Archived:Running a LabVIEW Application as a Windows XP/Server 2003 User-Defined Service

Updated Jun 13, 2023

NI does not actively maintain this document.

This content provides support for older products and technology, so you may notice outdated links or obsolete information about operating systems or other relevant products.



  • LabVIEW

Operating System

  • Windows


  • Windows XP
  • Windows Server 2003

How can I run a LabVIEW Application as a Windows XP/Server 2003 User-Defined Service?

Note: The following solution requires editing of the Windows Registry. Using Registry Editor incorrectly can cause serious problems that may require you to reinstall your operating system. You should always back up the Registry before editing it.

The Windows Server 2003 Resource Kit Tools are required for creating a user-defined service -- download them and follow the standard installation process.

Once the kit is installed, follow the steps below (they can also be found in more detail at How to Create a User-Defined Service):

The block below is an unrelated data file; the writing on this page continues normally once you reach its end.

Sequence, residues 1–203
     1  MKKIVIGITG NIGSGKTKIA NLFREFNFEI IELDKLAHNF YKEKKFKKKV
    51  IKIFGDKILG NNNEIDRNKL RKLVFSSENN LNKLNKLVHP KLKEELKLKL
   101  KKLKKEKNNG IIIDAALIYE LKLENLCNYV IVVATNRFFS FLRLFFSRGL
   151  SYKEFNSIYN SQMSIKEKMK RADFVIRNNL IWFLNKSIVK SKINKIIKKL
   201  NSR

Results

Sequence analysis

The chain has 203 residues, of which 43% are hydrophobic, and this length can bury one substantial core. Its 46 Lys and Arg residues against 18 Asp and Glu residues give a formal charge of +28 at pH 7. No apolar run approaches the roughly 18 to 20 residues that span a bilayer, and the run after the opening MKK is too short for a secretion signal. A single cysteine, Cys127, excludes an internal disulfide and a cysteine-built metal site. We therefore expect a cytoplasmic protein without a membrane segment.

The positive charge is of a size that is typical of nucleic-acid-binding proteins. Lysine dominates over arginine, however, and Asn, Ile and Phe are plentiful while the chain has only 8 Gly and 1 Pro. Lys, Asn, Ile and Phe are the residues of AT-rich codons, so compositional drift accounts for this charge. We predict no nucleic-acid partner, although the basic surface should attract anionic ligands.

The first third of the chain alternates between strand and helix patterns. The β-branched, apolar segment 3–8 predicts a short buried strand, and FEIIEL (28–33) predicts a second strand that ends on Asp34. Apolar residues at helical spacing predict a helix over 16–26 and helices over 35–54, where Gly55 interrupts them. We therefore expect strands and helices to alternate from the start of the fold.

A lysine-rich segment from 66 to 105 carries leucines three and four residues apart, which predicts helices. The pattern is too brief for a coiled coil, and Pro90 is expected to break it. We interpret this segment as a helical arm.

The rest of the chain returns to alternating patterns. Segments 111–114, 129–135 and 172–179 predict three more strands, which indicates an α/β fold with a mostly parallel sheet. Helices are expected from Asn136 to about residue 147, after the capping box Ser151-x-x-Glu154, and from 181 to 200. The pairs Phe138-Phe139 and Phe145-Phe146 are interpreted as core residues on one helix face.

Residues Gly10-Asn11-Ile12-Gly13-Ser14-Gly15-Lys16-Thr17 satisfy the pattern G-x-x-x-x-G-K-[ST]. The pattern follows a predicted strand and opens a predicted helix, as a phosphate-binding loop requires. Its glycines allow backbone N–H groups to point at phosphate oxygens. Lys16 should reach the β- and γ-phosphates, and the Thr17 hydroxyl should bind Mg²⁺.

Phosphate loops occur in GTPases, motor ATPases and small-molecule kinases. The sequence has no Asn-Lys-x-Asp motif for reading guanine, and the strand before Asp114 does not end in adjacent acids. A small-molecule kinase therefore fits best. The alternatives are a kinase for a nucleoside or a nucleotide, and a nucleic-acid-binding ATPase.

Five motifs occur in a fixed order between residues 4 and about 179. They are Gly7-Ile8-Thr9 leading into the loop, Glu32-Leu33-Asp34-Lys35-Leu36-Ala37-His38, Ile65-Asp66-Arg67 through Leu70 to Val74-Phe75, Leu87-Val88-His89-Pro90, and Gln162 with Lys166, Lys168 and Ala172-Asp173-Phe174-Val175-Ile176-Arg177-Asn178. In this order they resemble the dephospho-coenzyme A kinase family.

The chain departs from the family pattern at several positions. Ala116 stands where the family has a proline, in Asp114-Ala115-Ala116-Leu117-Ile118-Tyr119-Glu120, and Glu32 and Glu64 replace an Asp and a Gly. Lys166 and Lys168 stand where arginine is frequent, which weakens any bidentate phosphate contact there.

1. From the command prompt, call the instsrv utility providing two parameters: service name and srvany.exe file path, as follows:
    • instsrv "My Service" "%Resource Kit%\Tools\srvany.exe", where My Service is the name of the service you are creating, and the path %Resource Kit% is the fully-qualified path to the Windows Resource Kit.
      • The default location of the Windows Resource Kit is typically C:\Program Files\Windows Resource Kit.
  2. Open the Registry and locate the following subkey: HKEY_LOCAL_MACHINE\SYSTEM\CurrentControlSet\Services\%My Service%
  3. Create a new Key named Parameters.
  4. Create the following new Value within the Parameters key:
    • Value Name: Application
    • Data Type: REG_SZ
    • String: %Application Path%, where %Application Path% is the fully qualified path to the application executable including the extension.
  5. Close the Registry.

Additional Information

The Windows Server 2003 Resource Kit Tools provide two utilities that allow you to create a user-defined service for Windows applications. One is instrsrv.exe, which installs and removes system services from Windows, and the other is srvany.exe, which allows any Windows application to run as a service.

By default, a newly created service is configured to run automatically when the system is restarted. Also, services do not have user interfaces, so your application must run without direct interaction on the front panel. You can still control the applications using methods like VI Server or network communication. Install Application as Windows Service is an example that will automate this process for you.